Microsoft’s and Google’s AI plans clouded by concerns of rising costs


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Investor buzz about Big Tech’s financial gains from generative artificial intelligence was damped after Microsoft and Google warned of more large costs this year in the arms race to develop cutting-edge AI products.

Strong quarterly results from the rival tech giants on Tuesday failed to persuade investors that growth will keep up with the massive investments they plan to make in data centres and servers this year to deliver generative AI.

Shares in Microsoft fell 1 per cent despite strong cloud computing sales from customers eager to use its suite of software services that have been integrated with technology from ChatGPT-maker OpenAI.

Meanwhile, Alphabet shares dropped almost 6 per cent after its advertising revenues narrowly missed expectations, even as it moves to integrate its Gemini generative AI into its advertising, search and cloud businesses.

Both groups warned that capital expenditure would be higher in 2024 as they make more significant investments in the technological infrastructure underpinning generative AI.

Microsoft was catapulted into the centre of the generative AI race last year thanks to its deal with OpenAI, the start-up to which it has committed up to $13bn. Investor hype has sent its share price up more than 60 per cent over the past 12 months, boosting its market value to $3tn. It overtook Apple as the world’s largest company this month.

Investors have closely watched its cloud division, the biggest driver of sales that includes its Azure platform, for evidence that its bet on OpenAI would start to transform into financial gains.

In the final quarter of 2023, Microsoft’s cloud revenues rose 20 per cent to $25.9bn, ahead of analysts’ expectations for $25.3bn, with sales growth for Azure reaching 30 per cent.

Demand for Microsoft’s AI services boosted Azure revenues by 6 percentage points during the quarter, an acceleration from the roughly 3 percentage point boost in sales in the previous three months.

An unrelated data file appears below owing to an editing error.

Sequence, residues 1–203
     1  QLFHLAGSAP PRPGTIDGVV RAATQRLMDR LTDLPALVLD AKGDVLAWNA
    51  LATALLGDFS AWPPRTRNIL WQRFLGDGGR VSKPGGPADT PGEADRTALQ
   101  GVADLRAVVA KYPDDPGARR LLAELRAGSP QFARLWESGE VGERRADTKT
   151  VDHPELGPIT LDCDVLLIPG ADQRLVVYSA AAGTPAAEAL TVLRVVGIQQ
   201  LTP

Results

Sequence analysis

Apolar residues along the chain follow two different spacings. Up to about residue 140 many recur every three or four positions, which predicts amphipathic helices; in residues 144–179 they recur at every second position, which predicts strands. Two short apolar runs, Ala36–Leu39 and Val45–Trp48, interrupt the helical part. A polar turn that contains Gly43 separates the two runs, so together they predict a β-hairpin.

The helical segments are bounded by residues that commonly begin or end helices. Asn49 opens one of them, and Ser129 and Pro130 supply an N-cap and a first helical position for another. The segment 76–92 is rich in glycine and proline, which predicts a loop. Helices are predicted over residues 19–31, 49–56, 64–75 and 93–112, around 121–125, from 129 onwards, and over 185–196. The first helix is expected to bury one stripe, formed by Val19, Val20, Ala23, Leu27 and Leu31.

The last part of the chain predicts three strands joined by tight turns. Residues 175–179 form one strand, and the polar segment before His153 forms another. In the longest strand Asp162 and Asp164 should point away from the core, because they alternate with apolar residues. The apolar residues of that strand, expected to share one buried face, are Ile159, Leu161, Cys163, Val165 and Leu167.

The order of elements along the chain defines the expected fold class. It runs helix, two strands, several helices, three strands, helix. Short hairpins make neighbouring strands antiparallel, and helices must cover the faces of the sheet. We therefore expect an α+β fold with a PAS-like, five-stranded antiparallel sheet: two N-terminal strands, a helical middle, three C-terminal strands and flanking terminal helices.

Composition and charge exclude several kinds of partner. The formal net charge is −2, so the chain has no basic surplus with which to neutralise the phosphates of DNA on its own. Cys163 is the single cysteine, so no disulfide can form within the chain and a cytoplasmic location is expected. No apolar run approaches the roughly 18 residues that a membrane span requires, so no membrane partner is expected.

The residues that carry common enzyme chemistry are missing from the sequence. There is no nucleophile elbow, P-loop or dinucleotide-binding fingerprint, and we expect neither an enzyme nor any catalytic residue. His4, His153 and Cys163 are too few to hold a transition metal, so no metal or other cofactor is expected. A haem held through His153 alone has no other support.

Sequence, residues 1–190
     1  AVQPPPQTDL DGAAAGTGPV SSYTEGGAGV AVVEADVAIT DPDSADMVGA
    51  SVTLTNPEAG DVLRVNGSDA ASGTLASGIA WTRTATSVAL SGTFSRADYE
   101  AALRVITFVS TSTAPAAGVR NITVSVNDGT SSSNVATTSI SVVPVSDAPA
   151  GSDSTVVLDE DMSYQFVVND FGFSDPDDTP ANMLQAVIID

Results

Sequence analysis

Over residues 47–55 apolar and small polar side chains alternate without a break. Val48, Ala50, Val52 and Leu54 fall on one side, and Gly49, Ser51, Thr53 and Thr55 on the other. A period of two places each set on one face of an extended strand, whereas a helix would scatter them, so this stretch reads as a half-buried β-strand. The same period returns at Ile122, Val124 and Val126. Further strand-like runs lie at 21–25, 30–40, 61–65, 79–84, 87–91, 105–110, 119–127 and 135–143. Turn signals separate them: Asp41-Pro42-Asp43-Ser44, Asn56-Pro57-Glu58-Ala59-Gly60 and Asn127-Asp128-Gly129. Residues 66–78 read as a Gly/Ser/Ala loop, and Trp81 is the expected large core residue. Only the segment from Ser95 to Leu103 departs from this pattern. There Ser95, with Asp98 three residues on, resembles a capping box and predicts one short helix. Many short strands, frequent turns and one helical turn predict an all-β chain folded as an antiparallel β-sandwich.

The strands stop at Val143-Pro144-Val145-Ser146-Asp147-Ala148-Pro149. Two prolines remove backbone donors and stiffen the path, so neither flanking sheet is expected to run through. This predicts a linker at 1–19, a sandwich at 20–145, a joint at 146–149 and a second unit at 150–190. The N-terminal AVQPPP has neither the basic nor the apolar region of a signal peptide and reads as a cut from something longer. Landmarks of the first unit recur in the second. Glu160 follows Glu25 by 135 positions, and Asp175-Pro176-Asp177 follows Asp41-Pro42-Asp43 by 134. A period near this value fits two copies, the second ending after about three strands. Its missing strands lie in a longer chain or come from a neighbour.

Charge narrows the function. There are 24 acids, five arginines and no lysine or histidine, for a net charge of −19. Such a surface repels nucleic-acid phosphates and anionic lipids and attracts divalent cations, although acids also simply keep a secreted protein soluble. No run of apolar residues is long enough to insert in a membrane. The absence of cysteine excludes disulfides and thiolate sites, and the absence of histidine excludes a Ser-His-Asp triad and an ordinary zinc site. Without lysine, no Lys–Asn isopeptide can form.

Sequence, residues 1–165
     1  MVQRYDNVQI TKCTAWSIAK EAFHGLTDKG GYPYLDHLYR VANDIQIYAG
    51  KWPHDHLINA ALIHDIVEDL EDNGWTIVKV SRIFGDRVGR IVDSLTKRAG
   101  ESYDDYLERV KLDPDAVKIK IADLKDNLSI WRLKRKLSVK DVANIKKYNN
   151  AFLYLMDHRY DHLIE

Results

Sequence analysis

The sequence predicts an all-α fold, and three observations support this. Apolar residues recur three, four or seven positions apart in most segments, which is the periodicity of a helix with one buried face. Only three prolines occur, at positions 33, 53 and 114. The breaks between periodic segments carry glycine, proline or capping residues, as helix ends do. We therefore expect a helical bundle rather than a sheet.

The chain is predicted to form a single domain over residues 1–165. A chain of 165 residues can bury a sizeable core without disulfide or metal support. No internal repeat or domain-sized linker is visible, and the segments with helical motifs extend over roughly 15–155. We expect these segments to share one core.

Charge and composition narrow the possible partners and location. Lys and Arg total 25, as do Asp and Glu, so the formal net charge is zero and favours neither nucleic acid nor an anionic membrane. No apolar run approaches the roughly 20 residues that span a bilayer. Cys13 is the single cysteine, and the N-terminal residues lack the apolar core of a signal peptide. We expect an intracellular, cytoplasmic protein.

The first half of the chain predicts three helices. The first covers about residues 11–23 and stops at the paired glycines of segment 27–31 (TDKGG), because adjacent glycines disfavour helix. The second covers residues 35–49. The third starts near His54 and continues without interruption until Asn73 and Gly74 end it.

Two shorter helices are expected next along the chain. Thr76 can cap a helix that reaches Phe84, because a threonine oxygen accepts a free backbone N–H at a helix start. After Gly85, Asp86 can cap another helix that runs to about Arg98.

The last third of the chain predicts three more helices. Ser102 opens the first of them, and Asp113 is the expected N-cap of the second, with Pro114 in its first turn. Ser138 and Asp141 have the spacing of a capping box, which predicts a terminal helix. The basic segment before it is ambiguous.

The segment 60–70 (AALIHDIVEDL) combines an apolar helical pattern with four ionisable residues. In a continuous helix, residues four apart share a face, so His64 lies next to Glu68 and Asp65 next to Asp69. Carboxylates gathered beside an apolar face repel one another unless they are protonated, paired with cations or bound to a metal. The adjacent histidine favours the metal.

Google Cloud will also be a crucial growth driver for Alphabet amid rising demand for generative AI, and investors are waiting for the launch of its generative AI Gemini Ultra this year, the most advanced upgrade to its chatbot, Bard.

Alphabet and Microsoft customers were in “‘buy AI now, figure it out if it works later’ mode”, said Forrester analyst Lee Sustar. The companies had similar “AI-everywhere strategies” that would also pressure rival Amazon to “ramp up AI services to defend its cloud market share leadership”.

Microsoft chief executive Satya Nadella said Microsoft now had 53,000 Azure AI customers, more than a third of whom were new to the service over the past 12 months, and was seeing an increase in the number of “billion-dollar-plus Azure commitments”. But it expects revenue growth at its cloud division to decelerate slightly to 18-19 per cent in the current quarter, while Azure growth would remain stable.

Brett Iversen, vice-president of investor relations, said Microsoft was increasing its AI infrastructure capacity by investing in areas such as data centres and servers, but that had not yet squeezed margins thanks to rising demand for cloud services and “cost control” in other areas.

Semiconductor company AMD raised its AI chip sales estimates by $1.5bn for 2024 in an earnings report on Tuesday, saying that customers including Microsoft had moved faster than expected in their deployment of its new MI300 chips, which compete with Nvidia.

Microsoft chief financial officer Amy Hood said the company expected capital spending, driven by investments in cloud and AI infrastructure, to “increase materially”. Meanwhile, the company was “pivoting” to an “AI-first” workforce rather than hiring large numbers of people to focus on the technology, she added.

Analysts have been watching closely to see how many customers are using Microsoft 365 Copilot, a generative AI assistant integrated into the company’s suite of productivity apps. The company has made the tool — priced at $30 per user per month for businesses — available to individuals and to small and medium-sized businesses.

While the company did not disclose sales or user figures for Copilot, Nadella said its swift adoption was reminiscent of the early days of the PC, which became “standard issue” after an initial period of use by early adopters.

Total Microsoft revenue in the three months to the end of December climbed 18 per cent to a record $62bn, ahead of forecasts for $61.1bn. Earnings per share of $2.93 were well ahead of analysts’ forecasts for $2.77.

Additional reporting by Michael Acton

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